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Kew Palace hasn’t been occupied since 1844, according to public records. However, this didn’t stop the BBC from requesting a TV licence fee after an urgent letter landed on the doorstep the late King George III’s old home.
Rachel Mackay, the manager of Historic Royal Palaces (HRP) at Kew, including Kew Palace and the Great Pagoda tweeted out the hilarious blunder as royal fans mocked the BBC for the error.
The HRP manager shared a photo of the letter addressed to the royal residence.
On the front of the letter was the TV licence logo, with the words “action required immediately” on the front.
It seems this wasn’t the first time the corporation had made the mistake.
Ms Mackay tweeted: “Oh good, it’s the time of year where I have to explain to the TV Licensing Authority why King George III hasn’t paid his TV licence since 1820”.
A flood of replies poured in as social media users began to mock the amusing error.
One response read: “Seriously? This is brilliant. Must be a little marketing play you could do in the museum with this.”
A second added: “They could send someone in a early 19th century outfit to the TV Licensing office, and pretend they don’t know what a TV is it how this letter was written so neatly,etc.”
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Some users shared their own experiences with licence fees in the comments section.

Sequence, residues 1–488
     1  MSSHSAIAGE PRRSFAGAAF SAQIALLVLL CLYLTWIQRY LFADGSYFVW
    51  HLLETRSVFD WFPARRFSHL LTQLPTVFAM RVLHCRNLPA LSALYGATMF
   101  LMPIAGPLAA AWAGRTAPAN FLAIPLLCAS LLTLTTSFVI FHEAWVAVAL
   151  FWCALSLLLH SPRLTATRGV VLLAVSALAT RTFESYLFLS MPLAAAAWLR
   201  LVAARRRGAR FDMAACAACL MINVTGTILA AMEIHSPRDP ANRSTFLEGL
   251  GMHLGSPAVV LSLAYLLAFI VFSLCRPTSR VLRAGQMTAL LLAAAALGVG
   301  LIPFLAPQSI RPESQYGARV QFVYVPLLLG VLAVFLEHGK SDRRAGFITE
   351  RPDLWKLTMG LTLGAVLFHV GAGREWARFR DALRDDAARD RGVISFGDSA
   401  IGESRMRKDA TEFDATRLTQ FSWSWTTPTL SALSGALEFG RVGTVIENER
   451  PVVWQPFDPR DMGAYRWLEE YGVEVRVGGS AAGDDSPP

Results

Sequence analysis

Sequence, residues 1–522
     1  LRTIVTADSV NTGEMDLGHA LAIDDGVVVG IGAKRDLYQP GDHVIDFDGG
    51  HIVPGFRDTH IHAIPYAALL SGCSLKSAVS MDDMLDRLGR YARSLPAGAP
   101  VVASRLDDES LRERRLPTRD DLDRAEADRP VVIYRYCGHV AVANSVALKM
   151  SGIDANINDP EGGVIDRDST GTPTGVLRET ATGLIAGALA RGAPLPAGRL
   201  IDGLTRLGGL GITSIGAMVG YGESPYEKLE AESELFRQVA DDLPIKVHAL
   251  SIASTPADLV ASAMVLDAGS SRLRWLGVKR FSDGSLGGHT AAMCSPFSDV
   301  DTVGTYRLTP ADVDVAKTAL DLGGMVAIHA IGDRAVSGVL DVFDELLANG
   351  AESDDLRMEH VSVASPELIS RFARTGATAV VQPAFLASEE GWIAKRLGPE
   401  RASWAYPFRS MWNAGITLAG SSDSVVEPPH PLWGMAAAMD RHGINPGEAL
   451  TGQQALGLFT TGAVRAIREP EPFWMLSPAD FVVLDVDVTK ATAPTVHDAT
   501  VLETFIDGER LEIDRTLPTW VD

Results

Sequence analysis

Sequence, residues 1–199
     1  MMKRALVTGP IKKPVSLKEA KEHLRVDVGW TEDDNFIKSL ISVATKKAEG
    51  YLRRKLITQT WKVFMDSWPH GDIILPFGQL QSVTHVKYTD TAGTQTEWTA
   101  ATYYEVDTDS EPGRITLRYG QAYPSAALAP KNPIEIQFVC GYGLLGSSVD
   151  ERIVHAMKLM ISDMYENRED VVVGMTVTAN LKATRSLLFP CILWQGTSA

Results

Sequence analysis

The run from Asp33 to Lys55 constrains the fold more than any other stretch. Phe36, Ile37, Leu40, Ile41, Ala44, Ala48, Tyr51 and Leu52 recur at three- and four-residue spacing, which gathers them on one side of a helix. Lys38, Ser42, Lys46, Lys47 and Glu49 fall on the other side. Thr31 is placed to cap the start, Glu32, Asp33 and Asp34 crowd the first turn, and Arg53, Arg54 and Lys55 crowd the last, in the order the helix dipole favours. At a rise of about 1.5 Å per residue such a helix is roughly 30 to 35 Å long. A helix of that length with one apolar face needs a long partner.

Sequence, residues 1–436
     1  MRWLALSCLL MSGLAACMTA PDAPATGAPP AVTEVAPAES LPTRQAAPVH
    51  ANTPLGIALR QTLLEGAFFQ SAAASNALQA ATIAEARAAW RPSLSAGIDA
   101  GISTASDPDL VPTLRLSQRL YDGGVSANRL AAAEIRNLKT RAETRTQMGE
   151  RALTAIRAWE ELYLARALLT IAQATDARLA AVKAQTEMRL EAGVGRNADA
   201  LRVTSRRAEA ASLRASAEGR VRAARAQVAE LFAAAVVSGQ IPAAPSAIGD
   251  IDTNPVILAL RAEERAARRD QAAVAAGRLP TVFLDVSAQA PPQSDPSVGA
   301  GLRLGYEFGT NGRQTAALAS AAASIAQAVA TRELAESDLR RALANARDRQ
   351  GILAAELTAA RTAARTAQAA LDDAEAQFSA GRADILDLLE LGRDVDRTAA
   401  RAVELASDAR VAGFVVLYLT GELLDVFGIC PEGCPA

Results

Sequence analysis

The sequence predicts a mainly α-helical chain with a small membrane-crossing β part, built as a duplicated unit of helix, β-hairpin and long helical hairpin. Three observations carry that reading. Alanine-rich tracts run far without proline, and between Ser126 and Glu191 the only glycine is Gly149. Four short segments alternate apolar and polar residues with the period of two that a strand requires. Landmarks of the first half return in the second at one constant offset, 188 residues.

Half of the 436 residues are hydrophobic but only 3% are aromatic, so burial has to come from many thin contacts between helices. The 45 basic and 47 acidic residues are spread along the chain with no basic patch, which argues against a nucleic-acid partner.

One user wrote: “Had one of these letters every few months for about 15 years.
“I replied twice to say I didn’t have a TV, but you took no notice and threatening letters kept coming. So now I just bin them.
“Still don’t have a TV so I don’t see why I should respond.”
A second added: “It is because their databases are a complete mess, and are predicated on the bogus concept that every private dwelling the UK should have a TV licence.”
The tweet gained thousands of likes and retweets, with the official Historic Royal Palaces twitter account weighing in on the amusing blunder.
They tweeted: “George III loved receiving mail at #KewPalace, especially from his many children, so we’re disappointed to see that he’s been neglecting to keep up with all his correspondences.”
Kew Palace has not been occupied by a royal for almost 200 years.
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Its royal occupation lasted from around 1728 until 1818, with a final short-lived occupation in 1844.
From their early years, King George III and his eldest brother lived in the old house, also now known as Kew Palace.
It is cared for by an independent charity, Historic Royal Palaces, which receives no funding from the Government or the Crown.
The Palace is normally open to visitors, but has been closed as a result of the coronavirus pandemic until 2021.
However, it was recently announced that the Queen will reopen some of her famous royal residences to the public.
John Barnes CEO of HRP previously confirmed the gardens at Hampton Court Palace and Hillsborough Castle would welcome visitors again from June.
Hampton Court Palace is a royal residence in the borough of Richmond upon Thames, and was famously a favourite of King Henry VIII.
Meanwhile Hillsborough Castle and Gardens is the official residence of The Queen in Northern Ireland.
Kensington Palace Gardens in the Royal Borough of Chelsea, is one of the most popular attractions and home to Duke and Duchess of Cambridge and their three children.
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